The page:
What is the best climate for agriculture

Agriculture and Climate

1 nutritional issues

Fig. 1: Development of the number of undernourished people in developing countries in the last decades of the 20th century

One of the most serious consequences of climate change will most likely affect agriculture and the nutrition of the world's population. The people in the poorest regions of the world in particular are to a large extent directly dependent on agriculture, which is directly determined by natural conditions. While in developed industrial countries 5% of the population and less live from agriculture, in the third world it is up to 80%. And since the population is growing particularly rapidly here, the agricultural sector is increasingly unable to produce enough food. The most recent estimate (2008) by the UN Food and Agriculture Organization (FAO) of the number of undernourished people is 963 million worldwide.[1] Although hunger has been significantly reduced in some highly populated countries in Asia such as China and India, it has increased significantly in sub-Saharan Africa (Fig. 1). Here, 40% of the population is chronically malnourished and poor, which is due not only to the increase in population but also to the decline in productivity in the agricultural sector. It is to be expected that climate change will have the greatest negative consequences here in particular.[2]

2 consequences of climate change

Fig. 2: Interaction between agriculture and climate and other influencing factors

Globally, however, climate change will not only have negative effects, but also positive effects in some regions. In general, it is expected that production will decline, especially in tropical and subtropical latitudes, as higher temperatures and lower rainfall will probably overwhelm the adaptability of traditional agriculture. There are some indications that black Africa, which is the only third world continent that has not been able to increase its production in the last few decades, will also suffer the most from climate change. In the higher latitudes, on the other hand, climate change could shift the cultivation zones to the north and in some cases lead to improved cultivation conditions.

Despite modern production methods such as factory farming and greenhouse cultivation, agriculture around the world is still strongly influenced by climatic conditions. The climatic zones have a major influence on which crops grow optimally, poorly or not at all in certain regions and whether livestock farming, whether as stables or grazing, is worthwhile. It can therefore be assumed that climate change will have an impact on agricultural production. This is particularly the case in those societies in which agriculture is operated in direct dependence on natural conditions, such as in pasture farming or in rain-fed farming. Both temperature changes and changes in the water cycle play a role. With both factors, extreme events can also have a serious impact on agricultural production. This will also happen indirectly through the influence of the climate on pests and pathogens. In addition, the plant growth via photosynthesis also comes directly from the CO2-The content of the atmosphere is dependent.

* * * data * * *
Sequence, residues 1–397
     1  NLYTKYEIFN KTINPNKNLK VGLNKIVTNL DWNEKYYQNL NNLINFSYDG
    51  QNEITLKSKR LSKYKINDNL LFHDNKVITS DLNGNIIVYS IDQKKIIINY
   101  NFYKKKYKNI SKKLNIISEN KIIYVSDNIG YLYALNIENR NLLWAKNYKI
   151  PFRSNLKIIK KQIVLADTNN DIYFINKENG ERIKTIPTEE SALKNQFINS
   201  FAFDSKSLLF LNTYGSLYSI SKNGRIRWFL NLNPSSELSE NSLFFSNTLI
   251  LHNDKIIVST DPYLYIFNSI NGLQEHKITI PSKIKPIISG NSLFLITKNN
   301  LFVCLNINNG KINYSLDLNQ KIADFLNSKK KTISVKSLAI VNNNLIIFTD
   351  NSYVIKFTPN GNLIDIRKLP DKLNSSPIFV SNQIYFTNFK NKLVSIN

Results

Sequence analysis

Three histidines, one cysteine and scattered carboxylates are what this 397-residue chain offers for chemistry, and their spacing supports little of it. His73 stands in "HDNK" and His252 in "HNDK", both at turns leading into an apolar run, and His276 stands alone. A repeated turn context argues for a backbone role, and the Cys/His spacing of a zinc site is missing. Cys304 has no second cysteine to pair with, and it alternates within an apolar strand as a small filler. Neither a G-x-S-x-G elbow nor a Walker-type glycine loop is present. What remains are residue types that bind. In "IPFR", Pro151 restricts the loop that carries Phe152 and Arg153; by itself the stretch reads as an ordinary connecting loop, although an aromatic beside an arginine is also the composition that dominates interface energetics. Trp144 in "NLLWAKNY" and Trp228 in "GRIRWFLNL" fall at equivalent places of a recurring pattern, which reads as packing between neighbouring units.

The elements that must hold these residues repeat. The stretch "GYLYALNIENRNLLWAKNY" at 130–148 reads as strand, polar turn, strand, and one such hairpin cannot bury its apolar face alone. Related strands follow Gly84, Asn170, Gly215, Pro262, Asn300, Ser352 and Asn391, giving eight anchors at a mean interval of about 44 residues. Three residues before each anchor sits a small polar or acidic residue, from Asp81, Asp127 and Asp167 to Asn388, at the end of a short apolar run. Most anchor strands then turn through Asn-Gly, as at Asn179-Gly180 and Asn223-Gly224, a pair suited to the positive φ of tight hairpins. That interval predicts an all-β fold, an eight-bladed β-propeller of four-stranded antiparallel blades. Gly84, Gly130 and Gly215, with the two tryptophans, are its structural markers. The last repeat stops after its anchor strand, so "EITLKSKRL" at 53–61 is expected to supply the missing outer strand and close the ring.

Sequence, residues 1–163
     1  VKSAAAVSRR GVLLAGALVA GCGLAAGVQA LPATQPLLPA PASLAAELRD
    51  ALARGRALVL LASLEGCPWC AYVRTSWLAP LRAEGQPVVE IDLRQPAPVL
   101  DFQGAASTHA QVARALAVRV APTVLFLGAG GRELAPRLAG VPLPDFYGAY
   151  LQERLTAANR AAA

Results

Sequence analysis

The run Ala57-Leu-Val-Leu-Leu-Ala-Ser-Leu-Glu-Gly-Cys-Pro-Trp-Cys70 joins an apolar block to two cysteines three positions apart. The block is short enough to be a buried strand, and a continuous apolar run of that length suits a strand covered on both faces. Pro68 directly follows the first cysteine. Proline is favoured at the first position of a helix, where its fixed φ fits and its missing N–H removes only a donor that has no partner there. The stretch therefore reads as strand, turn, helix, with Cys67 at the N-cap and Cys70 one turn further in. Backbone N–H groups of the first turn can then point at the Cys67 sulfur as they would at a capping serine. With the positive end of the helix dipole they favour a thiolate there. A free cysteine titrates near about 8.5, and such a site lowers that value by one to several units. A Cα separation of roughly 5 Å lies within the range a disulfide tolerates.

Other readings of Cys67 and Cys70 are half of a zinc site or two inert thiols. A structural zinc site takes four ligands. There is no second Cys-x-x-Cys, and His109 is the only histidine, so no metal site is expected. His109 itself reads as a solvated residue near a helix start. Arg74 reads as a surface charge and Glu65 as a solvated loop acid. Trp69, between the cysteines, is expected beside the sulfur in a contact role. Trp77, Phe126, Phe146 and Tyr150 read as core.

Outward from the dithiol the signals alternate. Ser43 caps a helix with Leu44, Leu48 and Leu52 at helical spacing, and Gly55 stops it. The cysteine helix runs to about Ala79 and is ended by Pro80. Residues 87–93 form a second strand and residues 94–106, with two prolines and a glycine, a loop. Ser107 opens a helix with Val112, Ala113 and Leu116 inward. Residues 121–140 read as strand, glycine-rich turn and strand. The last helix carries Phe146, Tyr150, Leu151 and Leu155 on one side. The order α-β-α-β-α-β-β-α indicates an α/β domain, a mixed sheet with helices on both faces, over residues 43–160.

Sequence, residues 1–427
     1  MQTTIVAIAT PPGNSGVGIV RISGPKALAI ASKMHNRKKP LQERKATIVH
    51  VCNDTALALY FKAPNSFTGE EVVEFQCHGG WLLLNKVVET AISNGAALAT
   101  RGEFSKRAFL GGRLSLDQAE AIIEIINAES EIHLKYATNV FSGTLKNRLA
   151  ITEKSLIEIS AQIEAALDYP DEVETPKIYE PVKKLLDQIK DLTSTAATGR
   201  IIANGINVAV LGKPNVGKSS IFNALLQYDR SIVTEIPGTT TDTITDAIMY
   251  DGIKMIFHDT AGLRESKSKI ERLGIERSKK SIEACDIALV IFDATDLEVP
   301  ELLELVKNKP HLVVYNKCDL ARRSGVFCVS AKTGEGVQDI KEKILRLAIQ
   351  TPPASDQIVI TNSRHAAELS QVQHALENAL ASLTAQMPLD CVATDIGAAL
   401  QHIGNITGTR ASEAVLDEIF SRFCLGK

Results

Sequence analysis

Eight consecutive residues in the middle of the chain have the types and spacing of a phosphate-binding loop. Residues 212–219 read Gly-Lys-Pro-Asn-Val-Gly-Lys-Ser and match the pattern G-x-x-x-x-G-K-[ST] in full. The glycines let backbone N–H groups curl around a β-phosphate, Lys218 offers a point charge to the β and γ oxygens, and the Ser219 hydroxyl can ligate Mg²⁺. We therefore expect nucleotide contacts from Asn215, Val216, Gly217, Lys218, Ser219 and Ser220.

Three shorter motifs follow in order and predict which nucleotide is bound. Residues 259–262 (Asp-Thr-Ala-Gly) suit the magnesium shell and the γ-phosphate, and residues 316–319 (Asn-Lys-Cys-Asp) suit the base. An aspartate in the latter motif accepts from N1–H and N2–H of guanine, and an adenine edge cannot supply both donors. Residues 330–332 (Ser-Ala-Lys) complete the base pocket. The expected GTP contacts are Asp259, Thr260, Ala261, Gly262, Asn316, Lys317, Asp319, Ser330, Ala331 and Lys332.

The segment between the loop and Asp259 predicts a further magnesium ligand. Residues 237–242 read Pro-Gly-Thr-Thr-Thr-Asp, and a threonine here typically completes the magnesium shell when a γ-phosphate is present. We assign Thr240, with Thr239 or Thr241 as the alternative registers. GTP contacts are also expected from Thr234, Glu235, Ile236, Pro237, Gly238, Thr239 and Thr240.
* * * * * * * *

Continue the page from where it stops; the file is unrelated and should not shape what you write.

3 Other influencing factors

However, changes in the climate and the composition of the atmosphere will not be the only factors influencing agricultural production over the next few decades. The expected increase in the world population by a further three billion by 2050 makes an increase in production inevitable. Artificial fertilization, pesticides and genetic engineering will play a role here even more than before. Agricultural policy conflicts over socially accepted methods of production, international agreements in the area of ​​tension between protection and liberal agricultural trade, stock market speculation and global crises will also affect agriculture in many parts of the world. It is even possible that climate change will have devastating consequences for the food security of large parts of the world's population via the detour of the use of plant biomass for energy production.

4 Agriculture as a climate factor

With regard to the relationship between agriculture and the climate, it should also be borne in mind that agriculture is not only a victim of climate change, but also makes a significant contribution to it. On the one hand, like vegetation, it is part of the climate system and affects the radiation and water balance. For example, where a forest is eliminated in favor of cultivated areas, the reflection of solar radiation increases and the water cycle decreases. Agriculture is also an important emitter of greenhouse gases, carbon dioxide from the energy used, nitrous oxide from fertilization and methane from wet rice cultivation and livestock farming. In addition, recently the arable land has even been used to combat climate change. With so-called “bioenergy” from rapeseed, soy and sugar cane, CO is to be generated from renewable raw materials2-neutral fuel can be obtained.

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7 picture gallery on the topic

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